10:00 PM CDT | March 28, 2019
I just wanted to post a quick weather update this evening. Officially, the Storm Prediction Center has a marginal risk for the Red River Valley of North Texas on Friday. This is where a very conditional risk of severe weather *may* exist. It is far from certain, however. Let me explain. Yesterday, I discussed the severe weather season, watch vs warning, and the capping inversion. For storms to develop, parcels of air at the surface need to be able to lift upward and rise. When there is a layer of warm air above the surface, this prevents these parcels from rising. This is because the surrounding air is warmer than the parcels, and they stop rising. The warm air originates from the higher terrain of Mexico. When there is southwesterly flow aloft, it pulls this warm air across the state. Since the cap allows the air below to continue to warm and moisten, the potential instability increases. If the cap can break, explosive thunderstorm development can occur during the spring months. We saw this happen last weekend.
Next, I have attached a graphic from one of this evening's weather models. It is a forecast sounding valid at 7:00 PM Friday near Graham, which will not be too far from the dryline/cold front intersection. Like the first graphic, the red line is the temperature profile. I have circled the layer of warm air (the cap) that is being depicted by this model. For a cap to be breakable, there usually needs to be -50 j/kg or less of CINH (convective inhibition). This particular model shows CINH as great as -338 j/kg above the surface! To the north-northeast, this model shows CINH of -165 j/kg for Ardmore, Oklahoma. This is weaker but still fairly stout. The takeaway is that, if this strong cap verifies, it would shut down storm chances altogether late Friday afternoon and evening for Northwest/North Texas. As the cold front pushes southward Friday night, we will probably see a thin line of showers and isolated thunder develop along the boundary. Severe weather is not expected with the overnight activity.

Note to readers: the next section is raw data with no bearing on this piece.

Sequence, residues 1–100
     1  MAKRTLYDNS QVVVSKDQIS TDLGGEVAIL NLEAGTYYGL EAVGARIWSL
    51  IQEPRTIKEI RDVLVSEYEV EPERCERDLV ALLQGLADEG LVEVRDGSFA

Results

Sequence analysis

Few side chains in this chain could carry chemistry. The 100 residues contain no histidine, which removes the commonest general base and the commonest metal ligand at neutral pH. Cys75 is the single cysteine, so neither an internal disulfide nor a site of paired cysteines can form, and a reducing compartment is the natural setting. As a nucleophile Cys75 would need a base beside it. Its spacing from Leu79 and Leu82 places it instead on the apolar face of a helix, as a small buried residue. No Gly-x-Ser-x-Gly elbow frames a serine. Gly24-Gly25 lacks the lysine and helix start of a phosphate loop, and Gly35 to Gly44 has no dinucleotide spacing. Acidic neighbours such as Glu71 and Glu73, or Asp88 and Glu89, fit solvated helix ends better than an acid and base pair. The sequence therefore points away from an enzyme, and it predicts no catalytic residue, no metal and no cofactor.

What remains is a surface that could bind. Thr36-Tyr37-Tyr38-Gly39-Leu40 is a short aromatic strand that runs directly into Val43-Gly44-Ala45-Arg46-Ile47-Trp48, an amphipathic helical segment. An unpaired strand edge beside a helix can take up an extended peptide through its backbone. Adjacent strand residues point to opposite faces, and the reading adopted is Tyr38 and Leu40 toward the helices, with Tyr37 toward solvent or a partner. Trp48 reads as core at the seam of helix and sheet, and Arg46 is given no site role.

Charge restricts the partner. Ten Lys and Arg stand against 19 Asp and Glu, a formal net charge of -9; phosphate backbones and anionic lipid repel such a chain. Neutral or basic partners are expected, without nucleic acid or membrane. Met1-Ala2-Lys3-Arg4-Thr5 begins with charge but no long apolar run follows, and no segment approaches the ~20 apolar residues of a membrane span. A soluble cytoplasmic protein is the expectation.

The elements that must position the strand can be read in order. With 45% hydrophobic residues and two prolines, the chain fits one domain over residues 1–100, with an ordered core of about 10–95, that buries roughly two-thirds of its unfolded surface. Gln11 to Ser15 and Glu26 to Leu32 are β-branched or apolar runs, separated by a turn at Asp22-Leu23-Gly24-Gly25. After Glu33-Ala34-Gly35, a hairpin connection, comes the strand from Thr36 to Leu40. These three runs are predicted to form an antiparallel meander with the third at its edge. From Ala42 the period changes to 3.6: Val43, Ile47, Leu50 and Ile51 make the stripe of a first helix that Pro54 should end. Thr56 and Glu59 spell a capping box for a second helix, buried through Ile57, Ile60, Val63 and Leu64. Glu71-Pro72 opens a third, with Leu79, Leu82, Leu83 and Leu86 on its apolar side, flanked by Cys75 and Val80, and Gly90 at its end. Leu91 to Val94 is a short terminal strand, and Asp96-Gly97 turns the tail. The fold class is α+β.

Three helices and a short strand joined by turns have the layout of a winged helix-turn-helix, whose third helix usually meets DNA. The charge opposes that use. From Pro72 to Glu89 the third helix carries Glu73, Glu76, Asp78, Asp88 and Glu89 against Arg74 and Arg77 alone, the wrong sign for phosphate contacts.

The reason for the cap strength is that the system will take a track too far to our north. If it had taken a more southerly track, the capping inversion would not be an issue. It is a double-edged sword in the spring for Texans. If you have a strong cap, you don't get severe weather. You also don't get any moisture. If you have a weak cap, you get some moisture - often with severe weather. I will keep an eye on the trends, but this is where the recent data has trended. For the latest local weather information for your area, please visit the National Weather Service website. You can also find Texas Storm Watch on Facebook. To help make sure you do not miss any updates, LIKE the Facebook page and join the Facebook group.